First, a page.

In a study, parents with established relationships with pediatricians still accessed care for their children at retail clinics, typically located in large chain drugstores, mostly because the clinics were convenient.
Most retail clinics are staffed by nonpediatric nurse practitioners and physician assistants who care for patients 18 months and older with minor illnesses such as ear and throat infections, according to background information in the study, which was published July 22 on the website of JAMA Pediatrics.
“While many patients and health insurance companies positively endorse [retail clinics], professional organizations, including the American Academy of Pediatrics and the American Academy of Family Physicians, have raised concerns about the quality of care provided at RCs and the effect of fragmenting care on patients overall health,” the authors wrote. They added that the literature regarding retail clinics is limited, and little is known about their use for pediatric care.
Jane M. Garbutt, MB, ChB, of Washington University School of Medicine in St. Louis, and colleagues sought to determine reasons that parents with established relationships with pediatricians used retail clinics for some of their childrens care.
The study at 19 pediatric practices in a Midwestern practice-based research network included 1,484 parents who completed a survey (a 91.9% response rate).
Of the 344 parents (23.2%) who had used retail clinics for their children, 74% first considered going to the pediatrician, but reported choosing a retail clinic because the clinic had more convenient hours (36.6%), no office appointment was available (25.2%), they did not want to bother their pediatrician after hours (15.4%) or they thought the problem was not serious enough (13%).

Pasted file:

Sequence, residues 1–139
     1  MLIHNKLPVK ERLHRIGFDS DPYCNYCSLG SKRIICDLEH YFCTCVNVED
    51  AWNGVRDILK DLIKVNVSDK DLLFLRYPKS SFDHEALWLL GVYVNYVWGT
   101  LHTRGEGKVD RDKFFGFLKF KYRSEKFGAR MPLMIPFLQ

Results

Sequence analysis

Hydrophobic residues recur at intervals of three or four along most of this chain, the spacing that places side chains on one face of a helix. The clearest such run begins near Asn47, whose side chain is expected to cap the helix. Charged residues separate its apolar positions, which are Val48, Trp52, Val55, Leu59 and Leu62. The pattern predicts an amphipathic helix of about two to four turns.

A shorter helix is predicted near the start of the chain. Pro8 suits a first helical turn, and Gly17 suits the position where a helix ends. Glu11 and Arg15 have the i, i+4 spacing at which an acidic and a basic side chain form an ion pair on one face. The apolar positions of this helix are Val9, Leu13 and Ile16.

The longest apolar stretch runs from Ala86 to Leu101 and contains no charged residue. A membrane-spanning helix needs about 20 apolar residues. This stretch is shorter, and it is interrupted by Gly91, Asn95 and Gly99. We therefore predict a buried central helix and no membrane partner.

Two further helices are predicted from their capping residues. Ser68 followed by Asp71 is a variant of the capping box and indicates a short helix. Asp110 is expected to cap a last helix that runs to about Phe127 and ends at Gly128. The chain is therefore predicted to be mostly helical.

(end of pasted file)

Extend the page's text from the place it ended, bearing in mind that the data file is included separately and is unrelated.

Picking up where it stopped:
Visits to retail clinics were most commonly for acute upper respiratory tract illnesses (sore throat, 34.3%; ear infection, 26.2%; and colds or flu, 19.2%), according to the study results.
“Many parents with established relationships with a pediatrician use RCs for themselves and for their children, with some repeatedly choosing the RC instead of an office visit,” the authors concluded. “These parents believe RCs provide better access to timely care at hours convenient to the familys schedule.
“Pediatricians can address concerns about quality of care, duplication of services and disrupted care coordination by working to optimize communication with the RCs themselves, as well as with their patients regarding appropriate management of acute minor illnesses and the role of RCs. They also will need to directly address parents need for convenient access to care.”
Read the study abstract: http://archpedi.jamanetwork.com/article.aspx?articleid=1714856.